Notes from the Greater Gila Bioregion

Deep in the heart of the American Southwest lies the Greater Gila Bioregion, a place that is larger and more biodiverse than Yellowstone, as rich in cultural history as Bears Ears, as wild as the Frank Church-River of No Return Wilderness, and the birthplace of the wilderness ideal. WildEarth Guardians believes that the Greater Gila can and should be America’s next, great protected landscape. Photo by Leia Barnett.

The following piece was written by Leia Barnett, Greater Gila Campaigner with WildEarth Guardians. – mk

Last week, I fell in love with country. Not This Country. Not Our Country. Simply country. I perched atop peaks above 10,000 feet and peered out across distances incomprehensible. I squatted beside rivers that swayed and snaked for hundreds of miles, wild from source to sea, flexing their hydrologic muscle to carve canyons and move mountains. I star-gazed, open-mouthed and full of wonder, remembering what’s small and what’s precious and what’s worthy of protecting. I saw black hawks and blue jays and arching sycamores and barking elk and trundling bears and trotting wolves. Yes, trotting wolves! Three of them to be precise. Yipping and stalking and howling and moving something inside me that once was wild and fiercely free.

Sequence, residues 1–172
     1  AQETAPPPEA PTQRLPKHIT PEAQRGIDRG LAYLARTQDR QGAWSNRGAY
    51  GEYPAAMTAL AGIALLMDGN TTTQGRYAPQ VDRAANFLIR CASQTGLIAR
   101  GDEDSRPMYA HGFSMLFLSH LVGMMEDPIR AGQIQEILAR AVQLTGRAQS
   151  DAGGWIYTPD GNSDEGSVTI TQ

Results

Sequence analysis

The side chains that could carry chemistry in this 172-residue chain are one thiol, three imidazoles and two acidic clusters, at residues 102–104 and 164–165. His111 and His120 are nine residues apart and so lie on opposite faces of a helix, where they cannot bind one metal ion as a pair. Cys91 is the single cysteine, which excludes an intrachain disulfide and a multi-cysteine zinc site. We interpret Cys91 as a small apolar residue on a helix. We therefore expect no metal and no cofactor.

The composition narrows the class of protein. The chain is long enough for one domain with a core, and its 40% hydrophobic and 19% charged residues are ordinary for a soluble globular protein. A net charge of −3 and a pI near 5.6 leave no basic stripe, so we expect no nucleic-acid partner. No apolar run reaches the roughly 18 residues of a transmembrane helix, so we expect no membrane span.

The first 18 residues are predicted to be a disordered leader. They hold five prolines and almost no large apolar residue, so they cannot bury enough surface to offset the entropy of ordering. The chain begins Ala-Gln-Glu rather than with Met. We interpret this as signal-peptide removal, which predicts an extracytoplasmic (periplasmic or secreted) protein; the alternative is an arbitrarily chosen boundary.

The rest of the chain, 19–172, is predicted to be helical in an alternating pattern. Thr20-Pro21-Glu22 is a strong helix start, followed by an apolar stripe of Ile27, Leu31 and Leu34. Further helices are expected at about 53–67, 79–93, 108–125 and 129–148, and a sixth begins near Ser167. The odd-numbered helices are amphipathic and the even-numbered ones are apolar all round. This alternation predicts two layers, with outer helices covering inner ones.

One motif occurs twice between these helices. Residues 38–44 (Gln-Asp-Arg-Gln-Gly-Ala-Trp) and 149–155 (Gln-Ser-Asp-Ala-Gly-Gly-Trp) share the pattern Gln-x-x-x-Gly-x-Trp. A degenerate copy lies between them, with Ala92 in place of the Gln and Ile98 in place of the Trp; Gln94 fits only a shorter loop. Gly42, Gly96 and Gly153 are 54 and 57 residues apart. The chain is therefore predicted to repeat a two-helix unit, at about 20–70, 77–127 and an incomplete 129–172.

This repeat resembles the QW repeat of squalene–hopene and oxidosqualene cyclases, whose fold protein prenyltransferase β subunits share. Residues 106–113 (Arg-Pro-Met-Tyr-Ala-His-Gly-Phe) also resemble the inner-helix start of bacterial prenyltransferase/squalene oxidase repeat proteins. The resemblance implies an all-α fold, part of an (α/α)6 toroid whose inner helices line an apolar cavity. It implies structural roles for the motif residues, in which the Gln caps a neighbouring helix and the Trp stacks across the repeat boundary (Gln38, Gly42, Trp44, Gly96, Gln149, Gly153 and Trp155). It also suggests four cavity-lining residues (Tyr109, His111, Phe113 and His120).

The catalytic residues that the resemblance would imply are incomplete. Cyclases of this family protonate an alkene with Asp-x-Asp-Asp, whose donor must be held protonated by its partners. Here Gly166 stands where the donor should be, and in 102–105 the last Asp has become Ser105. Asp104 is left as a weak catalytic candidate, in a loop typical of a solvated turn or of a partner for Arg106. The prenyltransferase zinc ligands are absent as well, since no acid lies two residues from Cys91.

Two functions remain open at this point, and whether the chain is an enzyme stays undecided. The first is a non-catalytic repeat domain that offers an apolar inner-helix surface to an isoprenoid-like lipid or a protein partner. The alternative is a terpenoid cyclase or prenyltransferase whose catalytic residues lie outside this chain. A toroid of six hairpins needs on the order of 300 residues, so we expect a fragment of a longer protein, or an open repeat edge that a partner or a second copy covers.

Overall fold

All in the Gila, that seemingly eternally unfolding expanse of hills and vales and mountains and vistas and wild silences that spread themselves across southwestern New Mexico and southeastern Arizona, what we at WildEarth Guardians refer to as the Greater Gila Bioregion. This is a landscape long inhabited by the Mimbres and Mogollon cultures, and later the Apache, Navajo, Acoma, and Zuni. This place is anciently sacred, humming with the footsteps of Native Ancestors seeding Indigenous Knowledge Traditions deeply prescient for their time. This is a place ecologically abundant, tending to a biodiversity greater than that of Yellowstone. This is a landscape that has known a fire regime and management practices more progressive than anywhere else in the West, where the long-lived cycle of over-grow-burn-regenerate has been allowed to persist with minimal human intervention. This is country wild, where humans have come since time immemorial to travel softly and fit themselves snuggly into the astounding web of living selves, to rest beside Mogollon Death Camas and Mimbres Figwort, to gaze upon Gila chub and Loach minnow, to become, once again, quiet dwellers rather than raucous extractors.